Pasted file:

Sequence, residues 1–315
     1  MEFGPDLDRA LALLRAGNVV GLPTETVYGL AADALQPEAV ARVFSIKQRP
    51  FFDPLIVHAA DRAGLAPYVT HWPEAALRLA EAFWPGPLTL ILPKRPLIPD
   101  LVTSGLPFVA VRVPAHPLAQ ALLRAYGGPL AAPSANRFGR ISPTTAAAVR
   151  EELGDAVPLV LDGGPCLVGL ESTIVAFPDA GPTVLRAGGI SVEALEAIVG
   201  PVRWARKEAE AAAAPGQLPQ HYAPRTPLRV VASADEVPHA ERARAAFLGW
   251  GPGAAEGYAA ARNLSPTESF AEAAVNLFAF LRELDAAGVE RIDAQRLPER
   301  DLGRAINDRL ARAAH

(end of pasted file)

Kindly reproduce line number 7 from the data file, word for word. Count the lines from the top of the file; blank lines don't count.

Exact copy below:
   251  GPGAAEGYAA ARNLSPTESF AEAAVNLFAF LRELDAAGVE RIDAQRLPER